As a follow up to a previous post about the NHLPA’s carbon offsets program, The NHL and the Environment, I thought I should also look into other ‘big money’ sports to see if they express any concerns about their activities. If hockey players could show some concern for their impact on the environment, could football players or basketball players too?

What I did discover is that the NFL, with the help of Princeton University Researchers, computed the carbon footprint of the 2009 Super Bowl. I found a list of initiatives that were undertaken at Super Bowl XLIII including solid waste recycling, sports equipment collection by local area schools, a material donation program to donate office supplies and construction materials to local non-profit agencies, renewable energy used at major event venues and tree planting to offset greenhouse gasses. However, I could not easily find the results, nor any really positive comments about any impact that was made to improve the event. I did find one funny quote from Jack Groh, director of the NFL’s environmental program. “We’re trying to determine where the line is drawn between the organization managing the event and the individual when it comes to offsetting their emissions,” Groh said. “We’re trying to figure out at what point does this become someone else’s responsibility?” Is this really an appropriate comment for the guy in charge of the NBA’s environmental program? What about leading by example?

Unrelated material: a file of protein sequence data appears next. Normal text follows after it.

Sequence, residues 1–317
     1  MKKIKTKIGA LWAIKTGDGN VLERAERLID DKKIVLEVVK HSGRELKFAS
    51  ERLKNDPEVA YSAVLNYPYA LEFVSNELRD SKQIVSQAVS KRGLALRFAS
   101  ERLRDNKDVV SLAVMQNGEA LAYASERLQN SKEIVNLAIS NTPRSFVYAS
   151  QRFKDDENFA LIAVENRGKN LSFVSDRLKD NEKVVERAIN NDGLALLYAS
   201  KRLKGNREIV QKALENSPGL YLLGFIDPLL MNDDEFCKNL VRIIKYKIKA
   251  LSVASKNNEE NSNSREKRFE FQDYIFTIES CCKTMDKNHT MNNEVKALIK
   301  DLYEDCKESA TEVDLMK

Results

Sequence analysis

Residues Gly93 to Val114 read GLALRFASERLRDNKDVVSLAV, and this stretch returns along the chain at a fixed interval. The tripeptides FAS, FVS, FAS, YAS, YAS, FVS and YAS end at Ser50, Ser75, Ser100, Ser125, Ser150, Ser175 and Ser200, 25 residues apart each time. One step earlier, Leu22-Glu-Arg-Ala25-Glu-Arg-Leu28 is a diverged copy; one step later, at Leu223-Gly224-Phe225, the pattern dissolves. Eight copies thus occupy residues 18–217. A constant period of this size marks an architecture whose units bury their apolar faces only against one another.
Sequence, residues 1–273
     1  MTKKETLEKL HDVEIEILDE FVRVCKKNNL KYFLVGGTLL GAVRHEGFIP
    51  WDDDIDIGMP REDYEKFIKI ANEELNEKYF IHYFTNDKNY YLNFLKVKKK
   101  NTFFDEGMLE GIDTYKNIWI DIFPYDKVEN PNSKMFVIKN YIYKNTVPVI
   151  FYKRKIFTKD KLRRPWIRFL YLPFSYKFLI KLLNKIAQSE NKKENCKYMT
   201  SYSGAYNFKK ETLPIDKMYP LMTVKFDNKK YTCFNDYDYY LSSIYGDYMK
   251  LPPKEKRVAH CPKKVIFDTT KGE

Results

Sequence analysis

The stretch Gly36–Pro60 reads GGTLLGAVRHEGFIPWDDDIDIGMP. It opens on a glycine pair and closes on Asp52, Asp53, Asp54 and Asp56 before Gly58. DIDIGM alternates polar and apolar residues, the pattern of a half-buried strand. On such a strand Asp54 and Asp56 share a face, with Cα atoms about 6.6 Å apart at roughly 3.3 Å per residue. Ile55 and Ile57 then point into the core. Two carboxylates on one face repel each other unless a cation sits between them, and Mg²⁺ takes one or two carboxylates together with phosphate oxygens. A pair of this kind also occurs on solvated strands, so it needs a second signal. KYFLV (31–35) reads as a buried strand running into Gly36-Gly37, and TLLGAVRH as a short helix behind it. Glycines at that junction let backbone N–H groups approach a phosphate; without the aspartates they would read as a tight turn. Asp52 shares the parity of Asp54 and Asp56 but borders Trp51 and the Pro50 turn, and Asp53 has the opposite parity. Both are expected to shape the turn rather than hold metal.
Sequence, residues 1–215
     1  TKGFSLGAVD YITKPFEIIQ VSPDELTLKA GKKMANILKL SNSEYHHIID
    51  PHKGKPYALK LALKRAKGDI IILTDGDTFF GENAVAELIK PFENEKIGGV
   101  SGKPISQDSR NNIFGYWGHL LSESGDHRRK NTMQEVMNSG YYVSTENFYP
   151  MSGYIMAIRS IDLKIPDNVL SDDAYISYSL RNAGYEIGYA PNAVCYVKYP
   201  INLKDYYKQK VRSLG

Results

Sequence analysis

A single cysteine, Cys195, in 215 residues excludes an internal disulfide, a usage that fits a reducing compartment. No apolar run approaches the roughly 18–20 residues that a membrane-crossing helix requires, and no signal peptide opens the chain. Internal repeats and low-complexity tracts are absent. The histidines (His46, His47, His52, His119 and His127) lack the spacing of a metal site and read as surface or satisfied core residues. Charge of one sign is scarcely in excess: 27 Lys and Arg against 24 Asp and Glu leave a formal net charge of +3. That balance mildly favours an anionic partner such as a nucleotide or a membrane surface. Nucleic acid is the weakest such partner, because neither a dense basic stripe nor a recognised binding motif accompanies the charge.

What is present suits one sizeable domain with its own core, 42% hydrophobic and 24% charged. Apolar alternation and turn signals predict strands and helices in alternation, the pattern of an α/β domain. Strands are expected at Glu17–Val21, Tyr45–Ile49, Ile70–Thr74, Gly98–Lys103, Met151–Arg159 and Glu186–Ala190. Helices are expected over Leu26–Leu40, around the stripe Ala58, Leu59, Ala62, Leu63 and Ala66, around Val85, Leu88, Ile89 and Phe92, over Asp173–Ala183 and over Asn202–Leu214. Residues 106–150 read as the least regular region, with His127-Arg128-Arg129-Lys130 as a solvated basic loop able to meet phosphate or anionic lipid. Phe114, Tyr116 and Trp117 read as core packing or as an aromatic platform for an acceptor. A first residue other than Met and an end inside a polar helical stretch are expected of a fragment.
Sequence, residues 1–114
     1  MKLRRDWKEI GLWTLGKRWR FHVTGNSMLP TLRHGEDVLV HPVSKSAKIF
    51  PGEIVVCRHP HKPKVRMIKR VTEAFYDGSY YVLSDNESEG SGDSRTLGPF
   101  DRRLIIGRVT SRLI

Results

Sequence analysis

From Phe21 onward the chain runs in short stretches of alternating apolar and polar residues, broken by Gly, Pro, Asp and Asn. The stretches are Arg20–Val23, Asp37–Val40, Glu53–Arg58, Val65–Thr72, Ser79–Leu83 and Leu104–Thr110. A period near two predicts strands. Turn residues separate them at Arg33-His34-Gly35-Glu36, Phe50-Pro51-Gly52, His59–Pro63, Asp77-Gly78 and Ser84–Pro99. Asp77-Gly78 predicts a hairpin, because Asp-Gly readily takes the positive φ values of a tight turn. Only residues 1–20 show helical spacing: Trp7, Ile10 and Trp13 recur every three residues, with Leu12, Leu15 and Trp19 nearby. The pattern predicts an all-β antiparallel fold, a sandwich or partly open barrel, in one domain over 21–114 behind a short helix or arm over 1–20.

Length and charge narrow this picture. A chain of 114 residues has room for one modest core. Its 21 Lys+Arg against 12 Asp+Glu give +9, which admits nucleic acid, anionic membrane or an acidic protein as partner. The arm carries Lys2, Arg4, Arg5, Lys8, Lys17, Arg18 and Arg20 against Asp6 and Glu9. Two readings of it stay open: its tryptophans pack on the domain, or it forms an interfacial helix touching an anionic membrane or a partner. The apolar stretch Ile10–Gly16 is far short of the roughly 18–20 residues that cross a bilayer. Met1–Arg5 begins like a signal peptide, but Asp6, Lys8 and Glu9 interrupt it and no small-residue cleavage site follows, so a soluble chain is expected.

The Green Initiatives of the NBA were much easier to locate. They even have a surprisingly detailed section on their website entitled NBA Green including tips on living and working green, the top ten things that NBA teams are doing to ‘go green’ and many recent NBA environmental news stories that were quite interesting. The most notable project is the LEED certification achieved by the Miami Heat’s American Airlines Arena and the Atlanta Hawks’ Philips Arena. These are the first two arenas in the U.S. to receive the prestigious environment recognition. And once again Steve Nash is taking a leading role. He is participating as a spokesperson for the NBA’s first green week and as a good BC boy already drives a hybrid car and has installed solar panels on the roof of his home. Yeah Steve!

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